Recent changes impeded building and testing on smaller boxes

James E Keenan jkeen at
Sat Sep 25 13:40:08 UTC 2010

During development of the gc_massacre branch, I tried to build and test 
parrot on both Linux/i386 and Darwin/PPC.  I have used each of these 
machines for testing since I joined the Parrot project in late 2006. 
While I have never explicitly tracked how fast 'make' and 'make test' 
run on those boxes, I do have a general sense of how long those 
processes take.

I noticed that when I was building and testing the gc_massacre branch on 
the Darwin/PPC box (a 6-year-old iBook G4 running Mac OS X 4.11), all 
other operations on that machine would slow to a crawl.  For example, 
using Alt-Tab to toggle among programs would work only with 30-60 
seconds of latency.  Switching from terminal to a browser (SeaMonkey or 
Camino) sometimes took 5 minutes.  This slowdown was most noticeable in 
the parts of 'make' where './ops2c' was being run.  'make test' ground 
to a halt in 't/compilers/opsc/*.t'.

Trunk was continuing to build and test satisfactorily at this time, but 
once the gc_massacre branch was merged into trunk at r49269, trunk began 
to suffer all the same problems that the branch had.  My unscientific 
impression is that 'make' now takes 10% longer to complete (e.g., 12 
minutes version 10-1/2 minutes), though it has taken as long as 19 
minutes.  But what is most striking is that 'make test' won't complete 
at all unless I manually delete the tests in 't/compilers/opsc/*.t' from 
the roster of tests.  The '01' test in that directory will complete ... 
and then I will get no output whatsoever from the '02' test.  If I 
Ctrl-C to kill the '02' test, the '03' test will run -- but other tests 
in this directory will hang indefinitely as well.

Last night bacek was able to devote some attention to this problem.  He 
pointed to a particular line of code recently merged in from the 
gc_massacre branch and asked me to make a manual change:

$ svn diff
Index: src/gc/gc_ms2.c
--- src/gc/gc_ms2.c     (revision 49323)
+++ src/gc/gc_ms2.c     (working copy)
@@ -623,7 +623,8 @@

          /* Collect every 256M allocated. */
          /* Hardcode for now. Will be configured via CLI */
-        self->gc_threshold = 256 * 1024 * 1024;
+/*        self->gc_threshold = 256 * 1024 * 1024; */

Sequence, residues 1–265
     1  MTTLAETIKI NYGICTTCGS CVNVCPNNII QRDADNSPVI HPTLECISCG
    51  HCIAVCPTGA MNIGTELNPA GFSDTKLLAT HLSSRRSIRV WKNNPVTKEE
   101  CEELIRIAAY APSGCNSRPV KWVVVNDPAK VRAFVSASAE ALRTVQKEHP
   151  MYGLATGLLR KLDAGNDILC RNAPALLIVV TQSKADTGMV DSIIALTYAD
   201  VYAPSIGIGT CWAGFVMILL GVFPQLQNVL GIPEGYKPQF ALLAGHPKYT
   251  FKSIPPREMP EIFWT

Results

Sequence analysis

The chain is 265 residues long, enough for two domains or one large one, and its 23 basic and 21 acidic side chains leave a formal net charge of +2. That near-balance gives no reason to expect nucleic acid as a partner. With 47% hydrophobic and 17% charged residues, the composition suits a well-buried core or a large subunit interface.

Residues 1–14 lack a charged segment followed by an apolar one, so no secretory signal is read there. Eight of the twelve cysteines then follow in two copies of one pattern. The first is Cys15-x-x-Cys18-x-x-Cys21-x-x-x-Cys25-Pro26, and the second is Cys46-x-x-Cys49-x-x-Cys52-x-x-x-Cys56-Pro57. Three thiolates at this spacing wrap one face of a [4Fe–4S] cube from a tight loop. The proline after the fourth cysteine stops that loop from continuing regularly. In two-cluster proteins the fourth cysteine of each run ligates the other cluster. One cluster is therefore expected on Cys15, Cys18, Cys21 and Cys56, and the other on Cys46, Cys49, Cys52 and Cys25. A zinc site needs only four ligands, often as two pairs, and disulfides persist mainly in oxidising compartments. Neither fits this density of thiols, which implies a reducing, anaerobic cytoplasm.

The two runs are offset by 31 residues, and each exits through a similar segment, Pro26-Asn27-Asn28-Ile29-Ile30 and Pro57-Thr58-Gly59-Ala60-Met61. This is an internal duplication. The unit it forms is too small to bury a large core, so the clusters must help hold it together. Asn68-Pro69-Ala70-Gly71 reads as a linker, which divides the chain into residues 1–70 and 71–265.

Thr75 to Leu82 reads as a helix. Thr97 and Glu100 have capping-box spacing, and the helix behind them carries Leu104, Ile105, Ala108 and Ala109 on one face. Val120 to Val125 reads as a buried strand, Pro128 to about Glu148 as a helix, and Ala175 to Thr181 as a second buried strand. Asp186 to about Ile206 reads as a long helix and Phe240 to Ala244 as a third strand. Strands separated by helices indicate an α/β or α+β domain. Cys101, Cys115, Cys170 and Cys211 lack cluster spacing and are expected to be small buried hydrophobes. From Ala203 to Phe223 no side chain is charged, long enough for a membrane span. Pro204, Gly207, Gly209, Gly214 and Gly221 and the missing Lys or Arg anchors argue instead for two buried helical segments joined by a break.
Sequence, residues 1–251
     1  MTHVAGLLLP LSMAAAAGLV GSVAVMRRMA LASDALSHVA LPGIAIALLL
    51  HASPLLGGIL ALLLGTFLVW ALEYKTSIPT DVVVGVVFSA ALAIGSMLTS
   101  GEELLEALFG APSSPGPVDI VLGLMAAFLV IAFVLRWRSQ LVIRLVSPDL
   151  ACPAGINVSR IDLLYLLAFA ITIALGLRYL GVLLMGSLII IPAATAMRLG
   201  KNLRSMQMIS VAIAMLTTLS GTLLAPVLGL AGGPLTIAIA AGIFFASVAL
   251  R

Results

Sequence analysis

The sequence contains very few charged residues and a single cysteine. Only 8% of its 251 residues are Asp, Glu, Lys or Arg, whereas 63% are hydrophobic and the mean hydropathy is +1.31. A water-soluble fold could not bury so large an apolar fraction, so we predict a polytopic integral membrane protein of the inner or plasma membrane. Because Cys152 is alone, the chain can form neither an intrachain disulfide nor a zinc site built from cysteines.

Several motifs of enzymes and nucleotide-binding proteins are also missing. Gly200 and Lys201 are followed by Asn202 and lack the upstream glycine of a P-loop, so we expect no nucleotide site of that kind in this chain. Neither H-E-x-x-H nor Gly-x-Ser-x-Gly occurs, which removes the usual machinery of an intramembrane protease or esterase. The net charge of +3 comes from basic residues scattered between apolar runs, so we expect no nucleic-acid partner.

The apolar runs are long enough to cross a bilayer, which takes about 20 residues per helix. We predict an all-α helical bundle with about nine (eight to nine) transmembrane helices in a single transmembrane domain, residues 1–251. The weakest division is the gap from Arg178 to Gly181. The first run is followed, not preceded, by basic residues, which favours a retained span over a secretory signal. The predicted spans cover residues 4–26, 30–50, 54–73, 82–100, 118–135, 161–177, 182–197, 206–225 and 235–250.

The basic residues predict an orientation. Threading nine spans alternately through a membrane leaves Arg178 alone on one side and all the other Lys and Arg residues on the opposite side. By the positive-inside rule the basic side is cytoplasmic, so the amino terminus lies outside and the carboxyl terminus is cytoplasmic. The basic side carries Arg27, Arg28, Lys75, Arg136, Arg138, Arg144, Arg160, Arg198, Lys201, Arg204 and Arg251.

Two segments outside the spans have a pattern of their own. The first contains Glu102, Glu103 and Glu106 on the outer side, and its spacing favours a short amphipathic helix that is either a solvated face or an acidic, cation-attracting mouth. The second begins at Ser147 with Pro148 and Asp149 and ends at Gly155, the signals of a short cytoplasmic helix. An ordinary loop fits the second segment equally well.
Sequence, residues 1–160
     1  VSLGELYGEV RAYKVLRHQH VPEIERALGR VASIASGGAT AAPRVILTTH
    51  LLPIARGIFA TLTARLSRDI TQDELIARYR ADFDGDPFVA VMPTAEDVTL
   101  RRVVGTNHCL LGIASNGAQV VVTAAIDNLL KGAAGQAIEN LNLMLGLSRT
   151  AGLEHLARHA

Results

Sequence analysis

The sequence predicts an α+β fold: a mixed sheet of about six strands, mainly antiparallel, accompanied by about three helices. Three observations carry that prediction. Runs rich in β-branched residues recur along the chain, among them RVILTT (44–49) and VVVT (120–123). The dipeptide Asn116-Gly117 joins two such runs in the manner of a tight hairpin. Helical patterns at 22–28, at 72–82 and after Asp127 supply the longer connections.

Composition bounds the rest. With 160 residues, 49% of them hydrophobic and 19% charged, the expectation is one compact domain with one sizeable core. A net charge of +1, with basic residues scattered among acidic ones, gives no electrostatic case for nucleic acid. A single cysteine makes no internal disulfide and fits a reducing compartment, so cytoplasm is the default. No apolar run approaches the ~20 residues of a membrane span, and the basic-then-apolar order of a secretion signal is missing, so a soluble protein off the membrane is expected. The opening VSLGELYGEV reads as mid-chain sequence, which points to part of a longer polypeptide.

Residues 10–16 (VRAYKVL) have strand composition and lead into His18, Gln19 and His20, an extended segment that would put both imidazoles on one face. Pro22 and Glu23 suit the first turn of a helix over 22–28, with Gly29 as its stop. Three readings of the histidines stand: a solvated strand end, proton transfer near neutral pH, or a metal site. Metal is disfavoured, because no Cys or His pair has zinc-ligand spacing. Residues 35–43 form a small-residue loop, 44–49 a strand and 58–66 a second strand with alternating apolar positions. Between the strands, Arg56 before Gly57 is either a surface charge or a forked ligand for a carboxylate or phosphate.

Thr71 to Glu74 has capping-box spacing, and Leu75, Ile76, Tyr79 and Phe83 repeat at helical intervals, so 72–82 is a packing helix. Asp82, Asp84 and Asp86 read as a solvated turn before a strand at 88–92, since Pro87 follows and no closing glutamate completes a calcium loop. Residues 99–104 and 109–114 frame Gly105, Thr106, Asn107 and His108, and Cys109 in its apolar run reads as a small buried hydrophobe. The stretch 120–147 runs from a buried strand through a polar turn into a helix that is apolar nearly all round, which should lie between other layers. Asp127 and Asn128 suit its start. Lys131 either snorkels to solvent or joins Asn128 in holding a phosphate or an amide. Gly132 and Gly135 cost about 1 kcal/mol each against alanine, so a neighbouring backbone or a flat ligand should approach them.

+        self->gc_threshold = 64 * 1024 * 1024;
      interp->gc_sys->gc_private = self;

256M happens to be amount of Physical Memory reported by 'top' for this 
machine.  Changing the gc_threshold from 256M to 64M did enable 'make 
test' to run completely (including t/compilers/opsc/*.t) and PASS in 
about 19 minutes.  So the value of the gc_threshold does have a 
significant impact on whether parrot will run (in any meaningful sense) 
on a particular machine.

Now, I know that there are some who will snigger at the thought of 
trying to test Parrot on a machine that is more than 6 years old.  "Just 
go out and buy a new laptop, kid51.  It'll be sure to have at least 10 
times as much memory as that ancient, battered box."

Needless to say, I don't accept that logic -- and not only because 
"ancient, battered box" describes the box's owner as well as the box. 
As I pointed out when voicing a similar problem with Rakudo Star, if 
we've been able to build and run a particular program (Parrot, Rakudo 
Perl, whatever) on a particular machine for years on end, and if we can 
no longer do so, then our scientific rigor ought to require us to 
determine *why* we can no longer do so, rather than sweeping the problem 
under the rug.  AFAICT, we have never specified minimum memory or other 
requirements for building or running Parrot on any particular box. 
Hence, it seems to me to be reasonable to assume that if Parrot build on 
a particular box in 2006, it will continue to do so indefinitely unless 
building on that box is explicitly deprecated by the project.  After 
all, it's quite possible that when Parrot runs on embedded devices in 
the future, it will have to run in an environment with even less memory 
than this ancient, battered box has.

Thank you very much.

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